Among those who resist online purchases are consumers who feel that certain commodities should be free.
Posted Mar 15, 2005
Consumers are increasingly attracted to online shopping, with online spending increasing 14 percent in 2004, according to a study conducted by the Online Publishers Association (OPA) and comScore Networks. Entitled "Paid Online Content U.S. Market Spending Report," the study reveals that U.S. consumers paid an all-time annual high of $1.8 billion in 2004.
OPA has conducted the study for the past three years, and over that time results have shown a continuous climb in online revenues, from $664 million in 2001 to $1.3 billion in 2002; to $1.6 billion in 2003; and to 2004's $1.8 billion.
ComScore Networks used a propriety technology network to track all Web activity for its panel of 2 million active U.S. Internet users to provide insight into consumer behavior and attitudes. The technology allows the company to view browsing, including commerce transactions with dollar amounts.
Despite the year-over-year growth, only 19 million (11.6 percent) Internet users purchased content online in fourth-quarter 2004. Although that number is up from the 16.4 million making similar purchases in the same period in Q4 2003, it demonstrates huge growth opportunities, according to Michael Zimbalist, OPA president.
"What works is if you have valuable information you won't see in a lot of places," Zimbalist says, citing auto racing as a popular example. No matter how unique or appealing a company's product is, however, some consumers refuse to give online spending a chance. "There's a hard-core group of people who just won't make purchases online," Zimbalist says. "It's been that way since the dawn of the Internet." Additionally, he says, there is still a sense that certain products and information should be free: "You're not paying for a physical good. You're paying for a right to see content. That's not so intuitive."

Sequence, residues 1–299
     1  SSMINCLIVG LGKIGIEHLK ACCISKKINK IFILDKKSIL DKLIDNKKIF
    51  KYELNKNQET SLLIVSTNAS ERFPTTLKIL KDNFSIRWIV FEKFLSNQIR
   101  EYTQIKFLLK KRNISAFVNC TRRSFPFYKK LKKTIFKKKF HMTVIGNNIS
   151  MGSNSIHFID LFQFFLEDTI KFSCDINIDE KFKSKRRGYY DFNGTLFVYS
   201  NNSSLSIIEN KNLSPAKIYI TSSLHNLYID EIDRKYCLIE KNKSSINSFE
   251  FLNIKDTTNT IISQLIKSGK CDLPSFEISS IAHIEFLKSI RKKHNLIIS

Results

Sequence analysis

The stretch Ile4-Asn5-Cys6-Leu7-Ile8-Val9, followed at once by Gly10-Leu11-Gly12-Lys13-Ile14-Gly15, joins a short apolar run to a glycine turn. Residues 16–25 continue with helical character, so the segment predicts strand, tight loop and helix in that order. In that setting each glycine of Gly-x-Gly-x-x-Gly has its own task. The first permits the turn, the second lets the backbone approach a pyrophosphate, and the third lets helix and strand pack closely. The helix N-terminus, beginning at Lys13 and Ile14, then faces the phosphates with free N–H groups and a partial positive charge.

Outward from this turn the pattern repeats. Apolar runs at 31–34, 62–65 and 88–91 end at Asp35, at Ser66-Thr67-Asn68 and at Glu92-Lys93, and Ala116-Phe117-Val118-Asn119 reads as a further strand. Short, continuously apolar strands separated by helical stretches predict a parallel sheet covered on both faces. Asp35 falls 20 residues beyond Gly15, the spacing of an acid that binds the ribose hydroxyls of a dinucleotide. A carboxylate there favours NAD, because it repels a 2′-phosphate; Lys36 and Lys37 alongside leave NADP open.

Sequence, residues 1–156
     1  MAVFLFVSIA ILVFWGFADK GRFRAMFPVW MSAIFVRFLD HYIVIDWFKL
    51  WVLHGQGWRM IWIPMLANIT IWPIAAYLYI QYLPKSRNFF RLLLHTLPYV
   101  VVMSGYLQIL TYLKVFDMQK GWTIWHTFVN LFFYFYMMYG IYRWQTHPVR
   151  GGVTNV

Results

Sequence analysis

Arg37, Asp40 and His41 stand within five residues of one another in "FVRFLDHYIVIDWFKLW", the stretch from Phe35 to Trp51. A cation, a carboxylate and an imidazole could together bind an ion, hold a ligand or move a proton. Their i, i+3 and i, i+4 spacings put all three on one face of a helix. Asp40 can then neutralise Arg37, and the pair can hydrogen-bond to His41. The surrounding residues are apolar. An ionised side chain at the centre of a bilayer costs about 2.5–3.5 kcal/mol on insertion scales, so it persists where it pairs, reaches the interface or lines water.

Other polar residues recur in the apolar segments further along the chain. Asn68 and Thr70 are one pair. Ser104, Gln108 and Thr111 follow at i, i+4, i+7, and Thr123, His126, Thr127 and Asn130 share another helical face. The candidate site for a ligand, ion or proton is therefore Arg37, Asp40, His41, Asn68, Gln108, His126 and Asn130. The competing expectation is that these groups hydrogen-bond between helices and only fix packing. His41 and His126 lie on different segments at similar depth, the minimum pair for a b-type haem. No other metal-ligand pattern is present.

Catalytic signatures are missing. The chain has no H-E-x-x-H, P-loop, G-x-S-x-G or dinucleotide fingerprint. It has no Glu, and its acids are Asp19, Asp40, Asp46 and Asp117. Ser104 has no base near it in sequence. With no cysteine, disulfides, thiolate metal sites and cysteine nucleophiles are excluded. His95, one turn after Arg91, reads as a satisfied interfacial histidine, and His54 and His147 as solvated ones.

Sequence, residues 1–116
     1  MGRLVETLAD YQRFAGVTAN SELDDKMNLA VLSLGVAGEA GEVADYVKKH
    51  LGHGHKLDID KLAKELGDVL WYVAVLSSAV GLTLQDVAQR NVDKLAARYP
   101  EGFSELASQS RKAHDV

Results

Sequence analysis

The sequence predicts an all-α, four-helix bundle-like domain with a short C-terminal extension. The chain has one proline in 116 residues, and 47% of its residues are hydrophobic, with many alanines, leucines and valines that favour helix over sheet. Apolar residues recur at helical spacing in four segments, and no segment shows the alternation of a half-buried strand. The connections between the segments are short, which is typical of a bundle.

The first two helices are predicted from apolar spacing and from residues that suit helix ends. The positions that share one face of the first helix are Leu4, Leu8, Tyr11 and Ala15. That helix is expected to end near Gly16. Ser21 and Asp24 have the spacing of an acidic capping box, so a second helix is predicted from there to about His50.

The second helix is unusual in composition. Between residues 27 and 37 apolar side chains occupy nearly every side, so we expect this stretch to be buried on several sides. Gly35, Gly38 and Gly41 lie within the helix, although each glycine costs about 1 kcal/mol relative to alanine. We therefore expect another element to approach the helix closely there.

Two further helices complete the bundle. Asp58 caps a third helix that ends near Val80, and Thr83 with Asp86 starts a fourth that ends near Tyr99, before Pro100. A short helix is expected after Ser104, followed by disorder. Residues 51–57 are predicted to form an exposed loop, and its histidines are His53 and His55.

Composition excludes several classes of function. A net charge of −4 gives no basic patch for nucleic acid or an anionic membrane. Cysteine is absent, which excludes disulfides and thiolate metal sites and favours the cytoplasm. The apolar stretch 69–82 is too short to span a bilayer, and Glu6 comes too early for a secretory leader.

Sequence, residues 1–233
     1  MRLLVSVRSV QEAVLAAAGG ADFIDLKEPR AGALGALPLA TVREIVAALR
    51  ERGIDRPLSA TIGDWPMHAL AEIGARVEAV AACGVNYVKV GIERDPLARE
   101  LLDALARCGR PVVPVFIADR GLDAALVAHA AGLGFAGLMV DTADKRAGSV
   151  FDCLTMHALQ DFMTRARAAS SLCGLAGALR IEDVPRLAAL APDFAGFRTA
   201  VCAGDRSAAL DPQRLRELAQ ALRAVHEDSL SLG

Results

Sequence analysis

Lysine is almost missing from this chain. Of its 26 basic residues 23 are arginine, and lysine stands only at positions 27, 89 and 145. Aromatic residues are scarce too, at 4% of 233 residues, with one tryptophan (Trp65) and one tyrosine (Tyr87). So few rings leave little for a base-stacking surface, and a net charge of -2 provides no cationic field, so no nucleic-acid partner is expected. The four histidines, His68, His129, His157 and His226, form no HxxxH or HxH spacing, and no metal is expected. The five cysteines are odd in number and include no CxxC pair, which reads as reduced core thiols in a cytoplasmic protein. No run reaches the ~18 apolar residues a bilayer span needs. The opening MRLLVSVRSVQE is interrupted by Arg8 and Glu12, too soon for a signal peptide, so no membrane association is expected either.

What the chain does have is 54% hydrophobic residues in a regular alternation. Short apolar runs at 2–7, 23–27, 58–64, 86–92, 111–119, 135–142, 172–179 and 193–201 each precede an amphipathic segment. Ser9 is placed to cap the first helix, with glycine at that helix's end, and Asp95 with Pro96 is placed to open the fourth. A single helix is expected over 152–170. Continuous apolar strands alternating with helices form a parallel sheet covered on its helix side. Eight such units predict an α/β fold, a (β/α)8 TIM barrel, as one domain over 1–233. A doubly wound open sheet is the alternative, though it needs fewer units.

Today's youth are the ones most likely to give in to the idea of spending money on something intangible, Zimbalist says: "This upcoming generation is much more attuned to the virtual world [than] the physical world. Think of someone 18 years old--most of their life they've at least known about email or knew someone who had [access to] the Internet. There's been ten years' acceptance of the Internet. It's not new versus old."
Spending reached an all-time high of $471.6 million in Q4 2004, driven primarily by the annual 90 percent gain in the entertainment/lifestyles category (from $217.6 million to $413.5 million), specifically online music sales and fantasy sports. The jump may in part be due to the fact that prior to this latest study only sites that used Web browsers were monitored. Many music sites use other applications. Single purchases also hit a record high, primarily due to online music sales. Entertainment is more conducive to single payments, Zimbalist says: "There are still debates going on whether the pay-by-drink model is the winner or the all you can eat for a monthly fee."
Also significant this year is spending on personals/dating, which reached an all-time high of $469.5 million (up 4.4 percent from $449.5 million in 2003), registering large gains in Q3 and Q4 following first-half declines. Though this was the leading paid-content category in 2004, the OPA report shows entertainment/lifestyles is on track to surpass personals/dating as t leading paid-content category if entertainment/lifestyles continues growing at its current rate.
"The Web is moving from being a pure utility into more of a medium," Zimbalist says. "It's fun, not just functional."
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